The little desert town of Marfa makes no logical sense. How did this dusty outpost in the barrens of far West Texas, nearly 200 miles from the closest major airport, go from a water stop for the railway into one of the country’s most buzzworthy contemporary art centers?
Two words: pioneering spirit. It took folks with enough grit and vision and can-do attitude to invent a new life among the red rocks, sagebrush, and sand of the American West.
Related: America’s Coolest Ghost Towns
In Marfa’s case, New York artist Donald Judd was drawn to its sweeping high desert vistas in the 1970s, and his followers steadily put the tiny town on the international art map. But its psychic roots go back even further to the “Westward Ho!” homesteaders and dusty cowboy types who sought their fortunes in boomtown bonanzas all across the region, only to see them go ghost-town bust after the railroad was no longer king, after the mines dried up, and a highway bypassed the local state roads.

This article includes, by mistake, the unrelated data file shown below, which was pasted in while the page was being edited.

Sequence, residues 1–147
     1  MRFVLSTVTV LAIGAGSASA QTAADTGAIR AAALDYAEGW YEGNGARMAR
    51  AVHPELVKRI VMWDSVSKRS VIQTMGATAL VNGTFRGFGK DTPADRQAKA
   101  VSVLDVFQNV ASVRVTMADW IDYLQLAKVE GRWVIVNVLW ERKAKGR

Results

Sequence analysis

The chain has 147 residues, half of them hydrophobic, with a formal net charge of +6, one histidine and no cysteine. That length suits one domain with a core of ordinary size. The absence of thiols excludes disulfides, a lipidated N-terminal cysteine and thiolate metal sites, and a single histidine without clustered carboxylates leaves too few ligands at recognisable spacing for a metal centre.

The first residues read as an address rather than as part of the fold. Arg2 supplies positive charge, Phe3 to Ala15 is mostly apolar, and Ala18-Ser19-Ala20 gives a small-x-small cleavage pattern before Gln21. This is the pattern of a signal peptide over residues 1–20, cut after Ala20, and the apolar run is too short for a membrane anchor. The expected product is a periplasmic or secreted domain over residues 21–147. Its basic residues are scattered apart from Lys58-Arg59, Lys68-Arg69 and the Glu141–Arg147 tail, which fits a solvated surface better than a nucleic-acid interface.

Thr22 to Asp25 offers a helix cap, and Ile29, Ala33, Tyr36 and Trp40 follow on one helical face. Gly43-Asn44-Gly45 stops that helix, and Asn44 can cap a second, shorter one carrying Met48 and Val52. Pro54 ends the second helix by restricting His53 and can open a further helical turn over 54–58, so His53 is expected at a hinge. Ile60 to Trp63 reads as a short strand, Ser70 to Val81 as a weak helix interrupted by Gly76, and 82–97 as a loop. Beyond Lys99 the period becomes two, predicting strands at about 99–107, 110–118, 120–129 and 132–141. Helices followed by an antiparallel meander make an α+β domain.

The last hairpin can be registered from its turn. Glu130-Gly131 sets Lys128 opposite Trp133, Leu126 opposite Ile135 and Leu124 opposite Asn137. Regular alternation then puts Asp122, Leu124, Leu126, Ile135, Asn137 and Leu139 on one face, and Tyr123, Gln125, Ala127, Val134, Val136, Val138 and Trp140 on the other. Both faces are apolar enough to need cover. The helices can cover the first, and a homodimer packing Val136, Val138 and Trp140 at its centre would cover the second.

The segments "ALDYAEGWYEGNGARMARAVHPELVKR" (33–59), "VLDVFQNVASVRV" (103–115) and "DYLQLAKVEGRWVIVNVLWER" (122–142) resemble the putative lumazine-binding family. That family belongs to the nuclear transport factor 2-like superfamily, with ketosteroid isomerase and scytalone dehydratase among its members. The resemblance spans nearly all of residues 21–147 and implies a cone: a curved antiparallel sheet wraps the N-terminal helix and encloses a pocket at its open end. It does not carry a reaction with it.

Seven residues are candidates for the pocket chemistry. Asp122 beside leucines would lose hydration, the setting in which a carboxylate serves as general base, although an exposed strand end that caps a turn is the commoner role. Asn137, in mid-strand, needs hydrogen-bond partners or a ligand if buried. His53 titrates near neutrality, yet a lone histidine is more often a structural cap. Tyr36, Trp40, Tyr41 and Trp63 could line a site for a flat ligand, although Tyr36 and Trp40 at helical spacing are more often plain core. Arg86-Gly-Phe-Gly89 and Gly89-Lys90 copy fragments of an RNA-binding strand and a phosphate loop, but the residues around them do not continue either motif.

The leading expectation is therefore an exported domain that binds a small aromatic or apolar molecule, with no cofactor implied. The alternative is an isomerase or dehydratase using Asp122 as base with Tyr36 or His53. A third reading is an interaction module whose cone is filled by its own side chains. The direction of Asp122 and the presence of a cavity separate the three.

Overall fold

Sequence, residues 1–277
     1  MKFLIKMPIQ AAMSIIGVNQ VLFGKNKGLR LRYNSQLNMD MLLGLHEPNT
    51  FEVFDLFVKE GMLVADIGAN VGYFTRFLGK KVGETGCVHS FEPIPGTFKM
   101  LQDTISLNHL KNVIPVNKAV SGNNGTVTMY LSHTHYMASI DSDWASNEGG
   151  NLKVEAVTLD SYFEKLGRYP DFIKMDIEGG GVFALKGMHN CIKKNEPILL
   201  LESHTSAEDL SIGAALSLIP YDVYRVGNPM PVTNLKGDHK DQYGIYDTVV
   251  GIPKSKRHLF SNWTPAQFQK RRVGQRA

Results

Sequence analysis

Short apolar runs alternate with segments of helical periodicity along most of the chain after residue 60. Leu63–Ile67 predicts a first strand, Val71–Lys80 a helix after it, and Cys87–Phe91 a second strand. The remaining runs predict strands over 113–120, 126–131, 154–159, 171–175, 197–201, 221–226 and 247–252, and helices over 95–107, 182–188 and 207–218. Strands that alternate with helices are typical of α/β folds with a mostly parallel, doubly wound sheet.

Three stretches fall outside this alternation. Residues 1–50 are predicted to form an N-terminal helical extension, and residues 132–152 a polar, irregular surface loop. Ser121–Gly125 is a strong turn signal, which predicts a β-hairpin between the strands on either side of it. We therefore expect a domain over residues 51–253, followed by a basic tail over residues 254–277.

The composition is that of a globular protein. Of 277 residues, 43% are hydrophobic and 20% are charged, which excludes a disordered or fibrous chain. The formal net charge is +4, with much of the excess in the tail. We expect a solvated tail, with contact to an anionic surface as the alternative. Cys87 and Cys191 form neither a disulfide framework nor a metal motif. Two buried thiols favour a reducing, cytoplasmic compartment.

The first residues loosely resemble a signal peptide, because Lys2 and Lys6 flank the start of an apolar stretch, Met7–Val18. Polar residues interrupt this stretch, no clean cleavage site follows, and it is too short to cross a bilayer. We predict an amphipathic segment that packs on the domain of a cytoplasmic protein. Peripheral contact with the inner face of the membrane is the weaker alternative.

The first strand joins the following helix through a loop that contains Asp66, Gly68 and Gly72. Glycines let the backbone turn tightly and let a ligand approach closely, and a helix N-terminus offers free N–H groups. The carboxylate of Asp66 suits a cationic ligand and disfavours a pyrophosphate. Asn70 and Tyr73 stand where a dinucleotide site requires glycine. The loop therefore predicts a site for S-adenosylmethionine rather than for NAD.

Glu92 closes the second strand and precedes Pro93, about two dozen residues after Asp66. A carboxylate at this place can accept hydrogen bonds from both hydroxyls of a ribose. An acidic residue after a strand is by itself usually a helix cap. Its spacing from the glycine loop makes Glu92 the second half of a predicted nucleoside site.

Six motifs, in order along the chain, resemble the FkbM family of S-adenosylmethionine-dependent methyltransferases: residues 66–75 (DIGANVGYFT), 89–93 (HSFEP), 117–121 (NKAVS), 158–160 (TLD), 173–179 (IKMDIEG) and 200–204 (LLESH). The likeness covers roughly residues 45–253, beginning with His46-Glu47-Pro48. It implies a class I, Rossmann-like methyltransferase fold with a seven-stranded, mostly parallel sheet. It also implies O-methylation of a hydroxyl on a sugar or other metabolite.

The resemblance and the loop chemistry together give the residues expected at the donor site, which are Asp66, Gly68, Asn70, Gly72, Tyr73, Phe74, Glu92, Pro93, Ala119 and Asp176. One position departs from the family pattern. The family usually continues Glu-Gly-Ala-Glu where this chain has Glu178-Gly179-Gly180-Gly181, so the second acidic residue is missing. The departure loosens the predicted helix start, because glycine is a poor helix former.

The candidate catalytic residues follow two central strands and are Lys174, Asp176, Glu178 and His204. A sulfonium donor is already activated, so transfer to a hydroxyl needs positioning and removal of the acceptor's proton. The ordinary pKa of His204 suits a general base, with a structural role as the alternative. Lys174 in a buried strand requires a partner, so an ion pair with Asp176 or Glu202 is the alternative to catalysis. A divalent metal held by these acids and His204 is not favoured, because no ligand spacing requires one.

The result? Entire towns ripe for reinvention: rustic digs, cheap land, and endless possibilities.
That’s why you’ll find a James Beard Award–nominated restaurant in a formerly derelict rail hotel in northern Arizona, a luxe resort among the wildflowers of a southern California state park, and wineries in the high desert plains of Western Washington.
For other top desert towns, like St. George and Moab, both in Utah, hikers and bikers have replaced the prospectors of the past, turning the surrounding natural landscape—sandstone arches, majestic canyons—into its richest natural resource.
From the national parks of Texas to the microbreweries of Oregon and artisans of New Mexico,
America’s deserts are a fertile landscape for creativity, culture, and no small amount of quirk. Pack the sunscreen and consider this your compass to the coolest desert towns now.